Effect of rituximab on immune status in children with mature B-cell non-Hodgkin lymphoma: a prespecified secondary analysis of the Inter-B-NHL Ritux 2010 trial


Sarah Alexander, Division of Pediatric Haematology/Oncology, Hospital for Sick Children, University of Toronto, Toronto, ON, Canada. Electronic address: sarah.alexander@sickkids.ca.
Anne Aupérin, Biostatistics and Epidemiology Office, Gustave Roussy, INSERM U1018 Oncostat, Labelled Ligue Contre le Cancer, Université Paris-Saclay, Villejuif, France.
Simon Bomken, Wolfson Childhood Cancer Research Centre, Translational and Clinical Research Institute, Newcastle University, Newcastle upon Tyne, UK; The Great North Children's Hospital, Newcastle upon Tyne Hospitals NHS Foundation Trust, Newcastle upon Tyne, UK.
Monika Csóka, Department of Pediatrics, Semmelweis University, Budapest, Hungary.
Bernarda Kazanowska, Department of Pediatric Bone Marrow Transplantation, Oncology, and Hematology, Wroclaw Medical University, Wroclaw, Poland.
Alan K. Chiang, Department of Pediatrics and Adolescent Medicine, Li Ka Shing Faculty of Medicine, Queen Mary Hospital, University of Hong Kong, Hong Kong Special Administrative Region, China.
Mara Andres, Department of Pediatric Hematology and Oncology, University of Valencia, Valencia, Spain.
Anne Uyttebroeck, Department of Pediatric Hematology and Oncology, University Hospitals Leuven, Leuven, Belgium.
G A. Burke, Department of Paediatric Haematology, Oncology, and Palliative Care, Cambridge University Hospitals NHS Foundation Trust, Cambridge, UK.
József Zsiros, Princess Máxima Center for Pediatric Oncology, Utrecht, Netherlands.
Marta Pillon, Maternal and Child Health Department, Padova University, Padova, Italy.
Catherine M. Bollard, Center for Cancer and Immunology Research, Children's National Hospital and The George Washington University, Washington, DC, USA.
Lara Mussolin, Maternal and Child Health Department, Padova University, Padova, Italy; Unit of Oncohematology, Stem Cell Transplant and Gene Therapy, Istituto di Ricerca Pediatrica Città della Speranza, Padova, Italy.
Jaime Verdu-Amoros, Department of Pediatric Hematology and Oncology, University Hospital Valencia, Valencia, Spain.
Bénédicte Neven, Department of Pediatric Immunology, Hematology and Rheumatology, Necker-Enfants Malades Hospital, Assistance Publique-Hôpitaux de Paris, Paris, France; Unit of Pediatric Immunology, Haematology and Rheumatology, Paris Cité University, Imagine Institute, Paris, France.
Donald A. Barkauskas, Department of Population and Public Health Sciences, Keck School of Medicine, University of Southern California, California, LA, USA.
Keith Wheatley, Cancer Research UK Clinical Trials Unit, Institute of Cancer and Genomic Sciences, College of Medical and Dental Sciences, University of Birmingham, Birmingham, UK.
Catherine Patte, Departments of Pediatric and Adolescent Oncology, Gustave Roussy, Université Paris-Saclay, Villejuif, France.
Thomas G. Gross, Center for Cancer and Blood Disorders, Children's Hospital of Colorado, Aurora, CO, USA.
Véronique Minard-Colin, Departments of Pediatric and Adolescent Oncology, Gustave Roussy, Université Paris-Saclay, Villejuif, France; INSERM U1015, Gustave Roussy, Université Paris-Saclay, Villejuif, France.

Document Type

Journal Article

Publication Date



The Lancet. Haematology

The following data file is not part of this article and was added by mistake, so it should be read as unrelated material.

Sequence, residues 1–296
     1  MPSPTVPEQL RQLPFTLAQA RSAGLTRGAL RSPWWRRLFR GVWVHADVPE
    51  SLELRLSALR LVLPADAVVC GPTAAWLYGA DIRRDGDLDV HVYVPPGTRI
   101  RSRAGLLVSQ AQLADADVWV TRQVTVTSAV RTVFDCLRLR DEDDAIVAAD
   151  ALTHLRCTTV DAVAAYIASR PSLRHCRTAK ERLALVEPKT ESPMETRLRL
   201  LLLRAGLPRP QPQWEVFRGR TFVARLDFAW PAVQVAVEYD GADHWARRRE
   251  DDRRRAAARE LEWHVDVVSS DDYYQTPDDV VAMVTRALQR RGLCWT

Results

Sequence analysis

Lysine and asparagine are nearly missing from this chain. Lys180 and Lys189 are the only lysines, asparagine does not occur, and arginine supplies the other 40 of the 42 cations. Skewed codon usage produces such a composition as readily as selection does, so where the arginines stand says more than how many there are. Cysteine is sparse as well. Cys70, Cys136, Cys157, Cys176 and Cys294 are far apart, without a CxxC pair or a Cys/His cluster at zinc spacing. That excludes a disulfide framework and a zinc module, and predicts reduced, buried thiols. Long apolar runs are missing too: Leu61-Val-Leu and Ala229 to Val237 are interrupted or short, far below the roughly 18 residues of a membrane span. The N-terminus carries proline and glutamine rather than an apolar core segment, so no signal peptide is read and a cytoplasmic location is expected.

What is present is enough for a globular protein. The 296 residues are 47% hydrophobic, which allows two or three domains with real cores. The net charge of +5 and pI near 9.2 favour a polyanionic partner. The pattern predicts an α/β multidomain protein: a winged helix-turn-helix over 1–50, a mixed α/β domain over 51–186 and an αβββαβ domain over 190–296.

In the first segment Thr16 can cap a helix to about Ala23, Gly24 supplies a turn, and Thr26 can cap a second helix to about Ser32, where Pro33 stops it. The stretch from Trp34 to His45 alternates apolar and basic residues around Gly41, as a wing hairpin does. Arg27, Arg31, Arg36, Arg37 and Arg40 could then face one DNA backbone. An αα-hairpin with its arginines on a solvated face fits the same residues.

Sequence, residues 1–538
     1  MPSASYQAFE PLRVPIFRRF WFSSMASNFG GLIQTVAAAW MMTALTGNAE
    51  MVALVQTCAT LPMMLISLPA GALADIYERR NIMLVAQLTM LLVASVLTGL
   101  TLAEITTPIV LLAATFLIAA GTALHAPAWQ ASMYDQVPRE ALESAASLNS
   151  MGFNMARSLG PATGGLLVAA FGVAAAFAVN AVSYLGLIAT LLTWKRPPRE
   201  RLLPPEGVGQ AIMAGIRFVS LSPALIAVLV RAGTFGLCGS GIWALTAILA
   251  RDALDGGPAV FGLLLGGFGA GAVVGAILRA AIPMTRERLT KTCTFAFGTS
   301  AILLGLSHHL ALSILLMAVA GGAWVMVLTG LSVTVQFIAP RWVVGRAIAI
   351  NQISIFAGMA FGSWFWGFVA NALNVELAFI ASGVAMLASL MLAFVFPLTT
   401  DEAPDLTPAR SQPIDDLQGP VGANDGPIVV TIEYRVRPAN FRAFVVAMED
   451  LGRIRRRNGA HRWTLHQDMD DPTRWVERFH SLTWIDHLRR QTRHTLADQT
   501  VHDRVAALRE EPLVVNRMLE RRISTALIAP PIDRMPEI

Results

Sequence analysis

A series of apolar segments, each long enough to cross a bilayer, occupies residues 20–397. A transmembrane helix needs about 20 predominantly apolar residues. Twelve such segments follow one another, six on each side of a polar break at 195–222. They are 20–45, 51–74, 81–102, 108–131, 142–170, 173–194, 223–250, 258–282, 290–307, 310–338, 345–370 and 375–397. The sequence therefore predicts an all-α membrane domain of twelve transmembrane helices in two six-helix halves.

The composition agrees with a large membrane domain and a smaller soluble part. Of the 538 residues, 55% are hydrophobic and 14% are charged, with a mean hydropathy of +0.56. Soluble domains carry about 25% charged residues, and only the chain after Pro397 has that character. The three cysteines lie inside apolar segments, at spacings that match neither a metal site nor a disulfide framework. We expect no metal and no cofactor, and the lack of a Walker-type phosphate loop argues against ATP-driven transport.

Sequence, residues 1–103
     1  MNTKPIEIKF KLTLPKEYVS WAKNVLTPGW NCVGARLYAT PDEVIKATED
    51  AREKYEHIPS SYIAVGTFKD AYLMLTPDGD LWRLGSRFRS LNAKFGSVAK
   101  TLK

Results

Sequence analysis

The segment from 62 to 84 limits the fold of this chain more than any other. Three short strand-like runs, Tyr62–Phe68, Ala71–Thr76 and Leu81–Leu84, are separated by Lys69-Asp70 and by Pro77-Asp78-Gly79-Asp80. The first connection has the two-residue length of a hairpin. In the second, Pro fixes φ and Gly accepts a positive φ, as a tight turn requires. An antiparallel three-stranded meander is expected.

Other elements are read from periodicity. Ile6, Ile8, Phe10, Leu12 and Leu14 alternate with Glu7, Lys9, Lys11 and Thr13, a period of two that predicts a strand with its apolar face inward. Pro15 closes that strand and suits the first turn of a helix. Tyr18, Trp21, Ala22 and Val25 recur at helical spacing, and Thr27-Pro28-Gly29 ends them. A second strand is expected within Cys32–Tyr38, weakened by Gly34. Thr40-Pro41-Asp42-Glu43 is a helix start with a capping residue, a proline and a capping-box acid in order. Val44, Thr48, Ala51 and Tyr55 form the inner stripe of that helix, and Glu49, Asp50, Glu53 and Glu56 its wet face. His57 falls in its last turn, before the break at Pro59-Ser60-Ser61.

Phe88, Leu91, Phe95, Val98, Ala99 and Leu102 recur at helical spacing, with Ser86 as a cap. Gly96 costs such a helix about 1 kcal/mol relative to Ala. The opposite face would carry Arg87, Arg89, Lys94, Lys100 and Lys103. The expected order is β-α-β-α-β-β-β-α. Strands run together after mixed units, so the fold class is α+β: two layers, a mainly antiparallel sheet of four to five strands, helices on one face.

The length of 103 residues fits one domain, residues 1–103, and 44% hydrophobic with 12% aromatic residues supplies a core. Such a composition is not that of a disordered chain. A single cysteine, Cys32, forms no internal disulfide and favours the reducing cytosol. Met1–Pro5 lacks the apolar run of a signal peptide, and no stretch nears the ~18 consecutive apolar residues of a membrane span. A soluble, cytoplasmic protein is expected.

BACKGROUND: Survival of children and adolescents with high-risk, mature B-cell non-Hodgkin lymphoma is improved by the addition of rituximab to chemotherapy. The effect of rituximab on immune reconstitution after therapy has not been well described. Herein, we evaluate the immune effects of the addition of rituximab to intensive chemotherapy, a prespecified secondary aim of the Inter-B-NHL Ritux 2010 trial. METHODS: The Inter-B-NHL Ritux 2010 trial was an international, open-label, randomised, phase 3 trial in children (age 6 months to 18 years) with high-risk, mature B-cell non-Hodgkin lymphoma, comparing chemotherapy alone or chemotherapy with rituximab. Measures of immune status were completed at baseline, 1 month from the end of treatment, and 1 year from the start of therapy, and yearly thereafter until normalised. For this secondary analysis, we report on the proportions of patients with low lymphocyte counts and immunoglobulin concentrations at these timepoints with total lymphocyte count, B-cell count, and IgG concentration as the main endpoints. Other endpoints of interest included exposure to immunoglobulin replacement therapy and vaccine serologies. The population assessed for immune endpoints was the eligible per-protocol population with at least one immune parameter at one timepoint. Comparisons of immune status were made between the randomised treatment groups. Safety in the post-therapy period was assessed in the population eligible for the immunity study who were followed up at least 3 months after the end of treatment and without cancer-related events. The Inter-B-NHL Ritux 2010 study was registered with ClinicalTrials.gov, NCT01516580; status completed, with analyses of secondary aims ongoing. FINDINGS: From Dec 19, 2011, to June 13, 2017, 421 patients (344 [82%] boys and 77 [18%] girls; mean age was 8·8 years [SD 4·1]) were enrolled and had immune data at baseline during follow-up, or both. The study population included randomly assigned patients (n=289) and a non-randomised cohort enrolled after the planned interim analysis (n=132). At baseline, 99 (34%) of 290 patients with available data (excluding patients with bone marrow disease with peripheral blast cells) had lymphopenia, and 178 (48%) of 368 had hypogammaglobulinemia. 1 month from the end of therapy, patients who received chemotherapy with rituximab were more likely than those who received chemotherapy alone to have lymphopenia (86 [81%] of 106 vs 53 (60%) of 89, odds ratio [OR] 2·92 [95% CI 1·53-5·57], p=0·0011), B-cell lymphopenia (72 [96%] of 75 vs 36 [64%] of 56, OR 13·33 [3·71-47·84], p<0·0001), and hypogammaglobulinemia (67 [71%] of 95 vs 37 [47%] of 79, OR 2·72 [1·45-5·07], p=0·0017). Differences remained at 1 year for hypogammaglobulinemia only (52 [55%] of 94 vs 16 [25%] of 63, OR 3·64 [1·81-7·31], p=0·0003). Patients in the chemotherapy with rituximab group were more likely than those in the chemotherapy group to receive immunoglobulin replacement (26 [16%] 164 vs nine [7%] of 158, hazard ratio [HR] 2·63 [95% CI 1·23-5·62], p=0·010), mainly due to low immunoglobulin concentration. In the combined treatment groups, including non-randomly assigned patients, the proportion of patients who had loss of protective serologies to a vaccine preventable infection varied from four (9%) of 47 for polio to 21 (42%) of 50 for Streptococcus pneumoniae (pneumococcus). One patient (chemotherapy with rituximab group) had a life-threatening infectious event of polymicrobial bacterial sepsis reported 2 months after the final chemotherapy administration. INTERPRETATION: Children with high-risk mature B-cell non-Hodgkin lymphoma receiving chemotherapy with rituximab were at risk of prolonged hypogammaglobulinemia, although severe infections were rare. Strategies for immunoglobulin replacement and revaccination are needed. FUNDING: Clinical Research Hospital Program of the French Ministry of Health, Cancer Research UK, National Institute for Health Research Clinical Research Network in England, Children's Cancer Foundation Hong Kong, US National Cancer Institute, F Hoffmann-La Roche.